Depending on who we listen to, the Government’s negotiations with Brussels are either going well or going nowhere at all. I suspect that the Minister himself does not know which. Such is the way the Government are run. They are run by a small ring of unelected advisers who are more concerned with their reputations than the interests of the country. Clearly, then, there are serious questions that Parliament and the public need answers to over the coming weeks, but in closing down Parliament, the Prime Minister has denied the chance for questions to be asked, let alone answered. As my hon. Friends have pointed out, he has shown contempt not only for Parliamentary democracy, but for the British public, who deserve reassurances that the Government have their interests front and centre. It is yet another case of the old Etonian, entitled arrogance that seems to characterise so much of this Government’s policies. What this boils down to is the feeling among the Prime Minister and his allies that they know best. Clearly they do not, and every time the Prime Minister loses yet another vote in the Commons, we are reminded that far from knowing best, they have misjudged Parliament. Labour believes that they have also misjudged the mood of the public.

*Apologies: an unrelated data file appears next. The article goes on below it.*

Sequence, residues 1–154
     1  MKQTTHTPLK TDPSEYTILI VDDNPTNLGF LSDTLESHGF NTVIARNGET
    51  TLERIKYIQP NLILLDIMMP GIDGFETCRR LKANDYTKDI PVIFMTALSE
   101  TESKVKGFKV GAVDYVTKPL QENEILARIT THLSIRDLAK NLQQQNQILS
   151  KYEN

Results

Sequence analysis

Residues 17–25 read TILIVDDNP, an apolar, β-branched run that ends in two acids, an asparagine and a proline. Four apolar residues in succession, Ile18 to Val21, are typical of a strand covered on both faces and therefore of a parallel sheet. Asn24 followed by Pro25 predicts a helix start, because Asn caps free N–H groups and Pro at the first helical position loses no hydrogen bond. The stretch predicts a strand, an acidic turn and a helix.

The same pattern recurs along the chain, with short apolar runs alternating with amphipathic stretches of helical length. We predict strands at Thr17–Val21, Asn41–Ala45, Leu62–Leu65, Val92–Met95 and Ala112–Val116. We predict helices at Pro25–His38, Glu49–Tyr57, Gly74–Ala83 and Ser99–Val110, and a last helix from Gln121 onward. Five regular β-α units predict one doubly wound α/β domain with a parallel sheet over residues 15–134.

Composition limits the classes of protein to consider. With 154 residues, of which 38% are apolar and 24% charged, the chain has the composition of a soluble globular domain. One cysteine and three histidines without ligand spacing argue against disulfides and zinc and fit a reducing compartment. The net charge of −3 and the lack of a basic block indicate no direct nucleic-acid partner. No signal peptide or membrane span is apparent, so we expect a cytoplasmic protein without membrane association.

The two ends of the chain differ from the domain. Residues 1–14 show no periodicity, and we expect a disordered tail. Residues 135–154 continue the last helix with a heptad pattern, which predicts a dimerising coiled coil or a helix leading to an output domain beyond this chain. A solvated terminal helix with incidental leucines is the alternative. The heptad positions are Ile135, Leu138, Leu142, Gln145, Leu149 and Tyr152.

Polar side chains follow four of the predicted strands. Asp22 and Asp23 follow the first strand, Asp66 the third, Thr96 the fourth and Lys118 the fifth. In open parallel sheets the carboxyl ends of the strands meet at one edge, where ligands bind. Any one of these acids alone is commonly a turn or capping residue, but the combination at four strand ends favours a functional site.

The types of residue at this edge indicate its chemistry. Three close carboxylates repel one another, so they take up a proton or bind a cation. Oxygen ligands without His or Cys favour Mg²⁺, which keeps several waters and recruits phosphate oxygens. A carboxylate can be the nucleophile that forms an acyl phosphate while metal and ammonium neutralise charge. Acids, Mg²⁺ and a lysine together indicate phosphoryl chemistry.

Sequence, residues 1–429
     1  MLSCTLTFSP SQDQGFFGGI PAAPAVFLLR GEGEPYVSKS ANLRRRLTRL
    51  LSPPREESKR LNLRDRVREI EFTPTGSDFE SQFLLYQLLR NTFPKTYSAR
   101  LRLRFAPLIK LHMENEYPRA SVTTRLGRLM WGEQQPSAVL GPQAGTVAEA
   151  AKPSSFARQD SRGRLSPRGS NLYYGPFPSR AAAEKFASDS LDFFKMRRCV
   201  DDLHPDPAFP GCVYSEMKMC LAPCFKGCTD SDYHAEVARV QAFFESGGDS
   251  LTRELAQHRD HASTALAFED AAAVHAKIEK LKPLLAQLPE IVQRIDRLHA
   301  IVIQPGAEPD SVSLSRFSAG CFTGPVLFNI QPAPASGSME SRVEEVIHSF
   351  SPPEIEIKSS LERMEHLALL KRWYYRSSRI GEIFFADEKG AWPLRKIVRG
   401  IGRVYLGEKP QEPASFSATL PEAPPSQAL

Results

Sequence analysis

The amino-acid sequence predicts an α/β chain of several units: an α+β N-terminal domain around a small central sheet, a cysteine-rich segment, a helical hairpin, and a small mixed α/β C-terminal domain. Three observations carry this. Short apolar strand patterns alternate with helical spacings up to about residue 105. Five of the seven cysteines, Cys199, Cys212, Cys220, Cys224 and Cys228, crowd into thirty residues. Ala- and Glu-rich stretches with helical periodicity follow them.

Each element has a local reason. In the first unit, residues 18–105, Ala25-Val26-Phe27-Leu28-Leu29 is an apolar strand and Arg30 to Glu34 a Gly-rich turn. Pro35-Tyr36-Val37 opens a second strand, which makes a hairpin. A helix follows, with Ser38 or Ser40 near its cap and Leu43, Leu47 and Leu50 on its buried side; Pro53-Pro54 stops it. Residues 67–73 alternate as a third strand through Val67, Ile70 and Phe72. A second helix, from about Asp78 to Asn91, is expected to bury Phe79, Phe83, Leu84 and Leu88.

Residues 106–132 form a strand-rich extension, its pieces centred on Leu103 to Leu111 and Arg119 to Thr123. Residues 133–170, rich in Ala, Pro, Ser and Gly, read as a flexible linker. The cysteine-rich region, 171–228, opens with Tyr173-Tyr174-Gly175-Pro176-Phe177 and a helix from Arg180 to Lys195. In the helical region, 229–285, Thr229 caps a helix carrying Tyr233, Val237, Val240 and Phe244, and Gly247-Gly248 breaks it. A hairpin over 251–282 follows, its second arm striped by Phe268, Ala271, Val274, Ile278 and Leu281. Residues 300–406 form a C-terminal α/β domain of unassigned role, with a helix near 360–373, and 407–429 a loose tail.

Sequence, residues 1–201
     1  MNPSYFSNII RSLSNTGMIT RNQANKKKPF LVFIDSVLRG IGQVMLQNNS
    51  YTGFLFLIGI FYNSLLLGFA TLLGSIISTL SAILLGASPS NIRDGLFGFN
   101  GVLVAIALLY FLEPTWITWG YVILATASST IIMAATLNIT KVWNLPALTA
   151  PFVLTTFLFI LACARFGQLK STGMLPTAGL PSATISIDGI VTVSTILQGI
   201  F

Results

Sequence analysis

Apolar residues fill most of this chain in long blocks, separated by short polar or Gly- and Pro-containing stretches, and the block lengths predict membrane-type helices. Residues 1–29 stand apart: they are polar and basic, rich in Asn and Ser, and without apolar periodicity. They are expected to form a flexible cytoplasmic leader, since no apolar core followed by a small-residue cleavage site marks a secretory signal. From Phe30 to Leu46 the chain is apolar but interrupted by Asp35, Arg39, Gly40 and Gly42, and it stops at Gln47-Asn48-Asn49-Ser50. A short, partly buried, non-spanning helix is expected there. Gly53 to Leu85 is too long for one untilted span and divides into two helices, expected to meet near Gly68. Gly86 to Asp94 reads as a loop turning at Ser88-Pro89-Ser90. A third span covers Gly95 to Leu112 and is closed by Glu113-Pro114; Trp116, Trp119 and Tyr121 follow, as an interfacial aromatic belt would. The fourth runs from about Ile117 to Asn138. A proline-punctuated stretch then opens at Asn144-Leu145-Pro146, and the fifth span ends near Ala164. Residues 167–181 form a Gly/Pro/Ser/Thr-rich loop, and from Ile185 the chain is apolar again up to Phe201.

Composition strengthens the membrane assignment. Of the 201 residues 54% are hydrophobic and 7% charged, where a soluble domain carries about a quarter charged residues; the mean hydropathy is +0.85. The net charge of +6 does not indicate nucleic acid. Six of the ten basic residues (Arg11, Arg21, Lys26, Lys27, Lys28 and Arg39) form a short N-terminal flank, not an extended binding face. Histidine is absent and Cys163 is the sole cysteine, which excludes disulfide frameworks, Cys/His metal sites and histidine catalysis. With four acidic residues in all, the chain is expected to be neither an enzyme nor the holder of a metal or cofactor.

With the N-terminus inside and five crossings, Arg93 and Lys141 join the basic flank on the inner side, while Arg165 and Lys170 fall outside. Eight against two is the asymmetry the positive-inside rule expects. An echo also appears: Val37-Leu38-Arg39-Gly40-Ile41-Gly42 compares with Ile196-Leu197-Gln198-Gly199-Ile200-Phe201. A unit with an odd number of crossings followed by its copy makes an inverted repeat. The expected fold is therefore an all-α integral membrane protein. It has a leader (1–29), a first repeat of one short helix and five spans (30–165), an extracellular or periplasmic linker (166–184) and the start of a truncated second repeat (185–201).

If the Government use the suspension of Parliament to ram through a no-deal Brexit, as many believe they will, they will not be delivering on the will of the people, but setting the country up for a period of more stagnation and hardship. We must expose no deal for what it is. It is not a quick fix to solve Brexit, but a path of more chaos, more negotiations, more unrest and no consensus across the country. Far from settling the chaos, it will take us back years, while we build from scratch the economic relationship that we want with our closest and nearest trading partners. It would be a path of more delay, rather than allowing us to forge our future relationship with the EU. We would see years of turmoil that we simply cannot afford. After a decade of Conservative austerity, that is the exact opposite of what our country needs at this key turning point.